Bowlers, beanies, top hats and trilbies: why so many people will be wearing hats on Friday 25 March

3 min read

Friday 25 March is Wear A Hat Day, raising awareness of brain tumours and raising funds for research to help find a cure.

The event, organised by the charity Brain Tumour Research, is the culmination of Brain Tumour Awareness Month and it takes place on the last Friday of March each year.

Brain tumours kill more children and adults under the age of 40 than any other cancer yet, historically, just 1% of the national spend on cancer research has been allocated to this devastating disease.

Now in its 13th year, Wear A Hat Day has raised more than £2 million.


This year’s event has the support of celebrities including TV gardener Danny Clarke (above), who lost his sister to the disease, Dame Sheila Hancock DBE, whose grandson underwent treatment when he was just four, TV personality Sarah Beeny, who was in her 20s when she lost her mum, and supermodel and entrepreneur Caprice Bourret, who had surgery to remove a brain tumour six years ago.


Supporting the event is the Grant family from Attleborough in Norfolk. Former KISS FM presenter Stu, 49, was diagnosed with a grade 2 oligodendroglioma in 2019 and is currently stable after treatment. He is pictured with daughter Delilah, aged three, and wife Emma trying on special occasion hats.


Horses, hounds, and all manner of other animals are taking part. Joanna Dobson, 51, (above) who runs Midgeland Riding School in Blackpool, is holding a Wear A Hat Day event for riders and their mounts after losing her mum Sylvia Dobson, 79, to an aggressive brain tumour in 2020.

Money raised is vital to patients like Aaron Wharton, aged six, (pictured) who is undergoing treatment for a recurrence of a brain tumour which was first diagnosed during lockdown in 2020. The prognosis is bleak and his mum Nicola, 37, from Buckley in Flintshire, said: “What we need most of all is hope; hope that, one day, there will be improved treatments and even a cure for children like ours but without increased investment to fund research there is very little hope.

According to the charity, brain tumours are indiscriminate and can affect anyone at any age. Some 16,000 people will be diagnosed with a brain tumour in the UK this year. There are more than 120 different types and the most common aggressive form of the disease is glioblastoma multiforme (GBM), which has an average prognosis of just 12 to 18 months. The Wanted star Tom Parker is living with this deadly diagnosis; it claimed the life of politician Dame Tessa Jowell.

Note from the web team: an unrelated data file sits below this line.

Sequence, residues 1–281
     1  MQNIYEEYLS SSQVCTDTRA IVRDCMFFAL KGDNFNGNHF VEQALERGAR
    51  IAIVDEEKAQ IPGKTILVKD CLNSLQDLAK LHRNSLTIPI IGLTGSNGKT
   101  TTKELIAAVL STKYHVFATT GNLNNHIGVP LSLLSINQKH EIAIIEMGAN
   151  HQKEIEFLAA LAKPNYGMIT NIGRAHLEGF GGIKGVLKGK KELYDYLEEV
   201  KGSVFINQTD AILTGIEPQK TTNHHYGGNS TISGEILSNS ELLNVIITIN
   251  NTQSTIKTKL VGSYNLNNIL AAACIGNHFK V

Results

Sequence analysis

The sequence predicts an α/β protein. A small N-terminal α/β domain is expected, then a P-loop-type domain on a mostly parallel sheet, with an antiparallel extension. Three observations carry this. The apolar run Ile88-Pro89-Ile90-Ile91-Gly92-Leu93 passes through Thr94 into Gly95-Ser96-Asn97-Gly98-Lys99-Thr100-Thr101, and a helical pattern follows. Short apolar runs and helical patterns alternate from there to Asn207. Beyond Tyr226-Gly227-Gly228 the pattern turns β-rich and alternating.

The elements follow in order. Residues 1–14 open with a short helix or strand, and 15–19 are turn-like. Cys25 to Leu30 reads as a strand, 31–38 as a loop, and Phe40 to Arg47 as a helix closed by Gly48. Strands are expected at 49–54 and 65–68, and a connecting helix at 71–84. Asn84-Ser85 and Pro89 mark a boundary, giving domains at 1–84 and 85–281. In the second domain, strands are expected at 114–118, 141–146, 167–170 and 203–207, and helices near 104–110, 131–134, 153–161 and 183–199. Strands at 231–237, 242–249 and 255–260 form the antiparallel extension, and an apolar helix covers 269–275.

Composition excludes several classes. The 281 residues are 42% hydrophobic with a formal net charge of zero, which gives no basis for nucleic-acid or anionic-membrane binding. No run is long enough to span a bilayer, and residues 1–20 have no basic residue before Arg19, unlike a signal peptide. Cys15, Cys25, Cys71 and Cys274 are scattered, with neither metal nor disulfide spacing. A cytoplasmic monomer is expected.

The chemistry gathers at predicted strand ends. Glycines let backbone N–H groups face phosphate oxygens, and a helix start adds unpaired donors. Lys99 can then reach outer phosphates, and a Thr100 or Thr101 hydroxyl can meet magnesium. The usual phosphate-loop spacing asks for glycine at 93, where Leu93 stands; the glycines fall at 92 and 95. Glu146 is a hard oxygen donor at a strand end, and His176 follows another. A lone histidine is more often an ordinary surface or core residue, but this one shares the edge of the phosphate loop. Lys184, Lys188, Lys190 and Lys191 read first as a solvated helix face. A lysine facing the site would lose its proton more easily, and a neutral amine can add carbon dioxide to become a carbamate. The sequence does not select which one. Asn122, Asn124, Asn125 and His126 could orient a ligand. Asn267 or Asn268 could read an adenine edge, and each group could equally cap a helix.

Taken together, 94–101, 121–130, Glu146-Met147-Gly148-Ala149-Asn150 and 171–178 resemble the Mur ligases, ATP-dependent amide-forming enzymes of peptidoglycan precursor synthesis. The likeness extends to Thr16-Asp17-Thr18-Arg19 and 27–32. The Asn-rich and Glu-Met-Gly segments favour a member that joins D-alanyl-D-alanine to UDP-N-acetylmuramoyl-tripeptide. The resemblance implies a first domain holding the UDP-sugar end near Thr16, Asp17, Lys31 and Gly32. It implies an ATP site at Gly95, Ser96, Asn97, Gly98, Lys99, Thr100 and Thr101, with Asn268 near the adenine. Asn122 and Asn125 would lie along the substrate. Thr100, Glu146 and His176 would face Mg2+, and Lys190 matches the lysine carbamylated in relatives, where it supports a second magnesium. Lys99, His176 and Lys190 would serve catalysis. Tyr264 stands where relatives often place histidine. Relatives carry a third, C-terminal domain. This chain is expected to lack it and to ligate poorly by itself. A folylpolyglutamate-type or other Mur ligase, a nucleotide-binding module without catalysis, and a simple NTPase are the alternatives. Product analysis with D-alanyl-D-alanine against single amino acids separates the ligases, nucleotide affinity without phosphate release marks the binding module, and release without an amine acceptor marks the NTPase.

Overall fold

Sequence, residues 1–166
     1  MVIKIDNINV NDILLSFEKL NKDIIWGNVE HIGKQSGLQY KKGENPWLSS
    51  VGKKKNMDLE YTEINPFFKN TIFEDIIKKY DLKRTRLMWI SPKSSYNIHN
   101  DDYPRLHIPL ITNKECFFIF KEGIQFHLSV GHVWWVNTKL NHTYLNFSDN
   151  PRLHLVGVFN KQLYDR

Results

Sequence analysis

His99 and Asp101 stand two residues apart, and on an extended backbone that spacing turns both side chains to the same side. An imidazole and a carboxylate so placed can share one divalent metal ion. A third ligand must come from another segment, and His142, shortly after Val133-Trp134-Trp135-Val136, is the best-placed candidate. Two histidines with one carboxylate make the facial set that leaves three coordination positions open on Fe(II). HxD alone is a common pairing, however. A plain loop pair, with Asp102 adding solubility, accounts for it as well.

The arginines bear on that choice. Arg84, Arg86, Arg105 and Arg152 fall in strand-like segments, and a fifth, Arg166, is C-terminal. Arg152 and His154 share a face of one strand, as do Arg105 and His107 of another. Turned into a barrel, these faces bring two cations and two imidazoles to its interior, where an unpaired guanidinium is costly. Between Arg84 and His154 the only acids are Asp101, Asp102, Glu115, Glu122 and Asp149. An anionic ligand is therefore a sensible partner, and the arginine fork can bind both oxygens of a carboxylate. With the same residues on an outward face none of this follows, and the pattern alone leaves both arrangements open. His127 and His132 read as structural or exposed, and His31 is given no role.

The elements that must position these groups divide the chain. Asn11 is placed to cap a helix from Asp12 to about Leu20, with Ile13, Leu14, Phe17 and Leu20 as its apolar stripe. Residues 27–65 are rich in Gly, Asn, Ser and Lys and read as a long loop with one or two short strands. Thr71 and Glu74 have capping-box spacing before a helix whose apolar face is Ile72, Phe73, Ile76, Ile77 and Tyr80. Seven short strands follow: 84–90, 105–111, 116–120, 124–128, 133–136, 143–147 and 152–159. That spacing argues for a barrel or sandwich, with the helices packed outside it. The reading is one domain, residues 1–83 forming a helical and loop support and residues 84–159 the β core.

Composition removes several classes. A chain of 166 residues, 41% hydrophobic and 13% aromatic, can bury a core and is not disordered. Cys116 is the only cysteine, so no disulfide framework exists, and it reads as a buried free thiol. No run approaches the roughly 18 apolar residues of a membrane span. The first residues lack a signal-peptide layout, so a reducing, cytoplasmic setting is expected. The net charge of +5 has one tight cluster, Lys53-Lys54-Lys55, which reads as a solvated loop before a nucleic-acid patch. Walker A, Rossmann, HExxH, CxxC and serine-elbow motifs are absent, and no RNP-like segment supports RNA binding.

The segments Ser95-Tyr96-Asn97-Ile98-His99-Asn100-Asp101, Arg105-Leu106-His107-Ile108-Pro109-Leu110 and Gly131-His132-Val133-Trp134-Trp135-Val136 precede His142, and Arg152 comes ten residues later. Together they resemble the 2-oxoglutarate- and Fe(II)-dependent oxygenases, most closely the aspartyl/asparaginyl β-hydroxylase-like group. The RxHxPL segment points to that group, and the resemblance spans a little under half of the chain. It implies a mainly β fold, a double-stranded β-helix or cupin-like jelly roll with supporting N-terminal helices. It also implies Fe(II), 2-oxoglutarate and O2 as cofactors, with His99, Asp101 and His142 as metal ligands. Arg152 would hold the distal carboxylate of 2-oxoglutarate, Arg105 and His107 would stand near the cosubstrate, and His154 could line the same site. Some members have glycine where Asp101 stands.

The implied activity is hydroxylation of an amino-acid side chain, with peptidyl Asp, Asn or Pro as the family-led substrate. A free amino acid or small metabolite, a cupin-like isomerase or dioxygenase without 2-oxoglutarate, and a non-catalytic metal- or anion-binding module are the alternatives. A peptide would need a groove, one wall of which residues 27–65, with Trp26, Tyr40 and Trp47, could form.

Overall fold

The money raised by the charity is used to fund a network of dedicated Brain Tumour Research Centres of Excellence, to raise awareness of the disease and in campaigning for the Government and larger cancer charities to invest more.

You can get involved in #WearAHatDay by posting a hat selfie on social media, clubbing together with friends and family or work colleagues for a lunch event or coffee and cake or simply by making an online donation via 


For further information, please contact:

 Sue Castle-Smith, Head of PR & Communications at Brain Tumour Research on 07887 241639 or

Notes to Editors

Brain Tumour Research is the only national charity in the UK singularly focused on finding a cure for brain tumours through campaigning for an increase in the national investment into research to £35 million per year, while fundraising to create a sustainable network of brain tumour research centres in the UK.

The £35 million a year funding would bring parity with other cancers such as breast and leukaemia after historically just 1% of the national spend on cancer research has been allocated to brain tumours. This increased commitment would enable the ground-breaking research needed to accelerate the translation from laboratory discoveries into clinical trials and fast-track new therapies for this devastating disease. 

Brain Tumour Research is a powerful campaigning organisation and represents the voice of the brain tumour community across the UK. We helped establish and provide the ongoing Secretariat for the All-Party Parliamentary Group for Brain Tumours (APPGBT) which published its report Brain Tumours A cost too much to bear? in 2018. Led by the charity, the report examines the economic and social impacts of a brain tumour diagnosis.

We are also a lead player on the Steering Group for the Tessa Jowell Brain Cancer Mission and we were a key influencer in the Government’s 2018 funding announcements following her death, to commit £40 million over five years. So far, just £9.3 million has been allocated and we continue to work through the APPGBT to hold the Government to account and ensure this money is spent on research into brain tumours.

Key statistics on brain tumours:

  • Brain tumours are indiscriminate; they can affect anyone at any age
  • Brain tumours kill more children and adults under the age of 40 than any other cancer
  • Historically, just 1% of the national spend on cancer research has been allocated to brain tumours
  • In the UK, 16,000 people each year are diagnosed with a brain tumour
  • Brain tumours kill more children than leukaemia
    • Brain tumours kill more men under 70 than prostate cancer
      • Brain tumours kill more women under 35 than breast cancer
      • Less than 12% of those diagnosed with a brain tumour survive beyond five years compared with an average of 50% across all cancers

    Please quote Brain Tumour Research as the source when using this information. Additional facts and statistics are available from our website. We can also provide case studies and research expertise for the media.


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